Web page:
The monitoring is done using buoys moored under the surface along a profile across the Fram Strait. These buoys continuously measure the thickness of the ice drifting over them. (The gaps in the data coverage are due to lack of funding to have all the data processed and quality assured, and these gaps will gradually be filled as the necessary funding becomes available.)
In the course of a year, ice of varying thickness drifts past, ranging from 10–50 cm up to 40–50 metre-thick pressure ridges. Some is first-year ice, formed in the current season, and some is perennial ice, ice that has survived several seasons. The distribution of the ice thicknesses clearly demonstrates differences between first-year and perennial ice. The significant year-to-year variations are seasonal variations caused by wind, screwing, freezing and melting.
One reason for the loss of perennial ice is that the predominant wind pattern has changed so that more of the ice north of Greenland has drifted out of the Arctic Ocean. Historically, it is in this area that most perennial ice has been observed. Satellite images show that much of this ice has now disappeared and that the greatest change indeed occurred in 2005.
Owing to the gap in the data coverage between 1998 and 2004, it is not clear whether the reduction in ice thickness started before 2005. However, it is very interesting that the greatest loss took place before September 2007 and 2012, the times when the least extent of the ice cover in modern times was observed.
This means that the reduction in thickness took place before the reduction in extent and that the former was most likely a contributory factor for the reduced extent in the succeeding melting seasons. A possible connection is that it is easier to move thinner ice around, so that more and more of the ice is transported by wind out through the Fram Strait. This effect will come in addition to melting that occurs due to changes in the radiation balance and higher air and sea temperatures.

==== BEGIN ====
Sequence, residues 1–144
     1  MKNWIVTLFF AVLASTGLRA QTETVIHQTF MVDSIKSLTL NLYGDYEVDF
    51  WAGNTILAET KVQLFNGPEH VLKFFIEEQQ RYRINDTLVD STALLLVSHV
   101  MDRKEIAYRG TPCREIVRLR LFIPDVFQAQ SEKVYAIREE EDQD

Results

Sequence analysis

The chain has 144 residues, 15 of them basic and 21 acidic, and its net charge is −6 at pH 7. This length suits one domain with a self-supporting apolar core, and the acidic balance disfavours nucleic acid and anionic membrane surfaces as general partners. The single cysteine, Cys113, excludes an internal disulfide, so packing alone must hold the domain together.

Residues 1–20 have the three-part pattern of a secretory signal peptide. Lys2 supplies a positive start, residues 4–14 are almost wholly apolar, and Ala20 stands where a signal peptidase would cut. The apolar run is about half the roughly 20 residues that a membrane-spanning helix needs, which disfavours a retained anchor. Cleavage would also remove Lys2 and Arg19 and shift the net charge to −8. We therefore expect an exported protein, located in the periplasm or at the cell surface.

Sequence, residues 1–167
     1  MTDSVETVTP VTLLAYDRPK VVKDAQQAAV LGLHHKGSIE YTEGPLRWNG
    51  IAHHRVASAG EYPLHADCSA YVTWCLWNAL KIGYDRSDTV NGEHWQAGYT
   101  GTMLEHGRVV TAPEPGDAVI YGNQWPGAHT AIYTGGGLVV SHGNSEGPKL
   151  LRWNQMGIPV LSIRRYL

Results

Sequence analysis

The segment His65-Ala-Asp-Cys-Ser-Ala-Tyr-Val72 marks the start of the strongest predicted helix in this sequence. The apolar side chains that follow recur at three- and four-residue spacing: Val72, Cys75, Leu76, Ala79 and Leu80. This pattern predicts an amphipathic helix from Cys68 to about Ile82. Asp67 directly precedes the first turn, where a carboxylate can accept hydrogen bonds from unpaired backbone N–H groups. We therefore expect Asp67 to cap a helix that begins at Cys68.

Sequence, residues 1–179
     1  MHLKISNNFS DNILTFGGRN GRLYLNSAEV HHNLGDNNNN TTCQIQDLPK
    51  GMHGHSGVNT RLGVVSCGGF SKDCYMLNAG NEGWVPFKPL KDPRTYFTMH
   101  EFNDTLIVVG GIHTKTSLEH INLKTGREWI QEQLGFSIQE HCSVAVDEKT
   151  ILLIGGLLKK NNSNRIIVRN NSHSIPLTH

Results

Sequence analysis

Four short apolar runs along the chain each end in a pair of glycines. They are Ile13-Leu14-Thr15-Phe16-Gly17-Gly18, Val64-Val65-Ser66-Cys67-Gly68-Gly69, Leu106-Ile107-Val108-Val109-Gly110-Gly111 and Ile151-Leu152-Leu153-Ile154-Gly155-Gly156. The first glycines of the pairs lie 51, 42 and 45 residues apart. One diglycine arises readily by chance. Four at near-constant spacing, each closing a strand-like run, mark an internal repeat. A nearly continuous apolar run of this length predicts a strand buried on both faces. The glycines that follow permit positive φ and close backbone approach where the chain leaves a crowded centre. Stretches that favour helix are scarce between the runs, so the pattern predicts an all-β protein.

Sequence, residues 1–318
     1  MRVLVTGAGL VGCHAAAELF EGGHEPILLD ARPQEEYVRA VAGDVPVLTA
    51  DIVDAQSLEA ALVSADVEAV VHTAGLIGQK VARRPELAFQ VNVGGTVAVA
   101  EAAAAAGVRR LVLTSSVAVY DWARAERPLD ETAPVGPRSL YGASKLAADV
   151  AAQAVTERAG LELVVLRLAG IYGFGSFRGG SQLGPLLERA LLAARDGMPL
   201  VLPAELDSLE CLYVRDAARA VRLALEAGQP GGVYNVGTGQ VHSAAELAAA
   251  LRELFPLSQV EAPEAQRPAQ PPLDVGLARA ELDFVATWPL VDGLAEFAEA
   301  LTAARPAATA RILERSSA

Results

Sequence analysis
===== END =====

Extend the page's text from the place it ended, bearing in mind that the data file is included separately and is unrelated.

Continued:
Work is going on to determine the role played by the factors which apparently lie behind the loss of the ice cover in the Arctic. This detailed and, in time, highly resolved time series of thicknesses will be a most important contribution to this work.
A reduction in the thickness sea ice will be negative for both ecosystems and the climate system. Younger, thinner ice melts faster and hence reacts faster to higher water and air temperatures, providing escalating melting and formation of melt pounds on the ice.
For the climate system, this gives a decreased area of white, reflecting surface, giving a feedback mechanism of further warming as less solar energy is reflected.
The ecosystems are affected both directly, by the sea ice as habitat gets less stabile when there is no perennial ice, and indirectly, as the habitats’ areas and availability are reduced.
About the monitoring
Studies over several years have indicated that the Arctic Ocean sea ice is getting thinner and the robust perennial ice is decreasing. Sea ice drifts out of the Arctic Ocean through the Fram Strait on an extension of the Transpolar Drift. The thickness of the sea ice can therefore be measured in this area.
The Norwegian Polar Institute has been measuring the thickness of the sea ice drifting through the Fram Strait since 1990.
Places and areas
Relations to other monitoring
- Monitoring programme
- International environmental agreements
- Voluntary international cooperation
- Related monitoring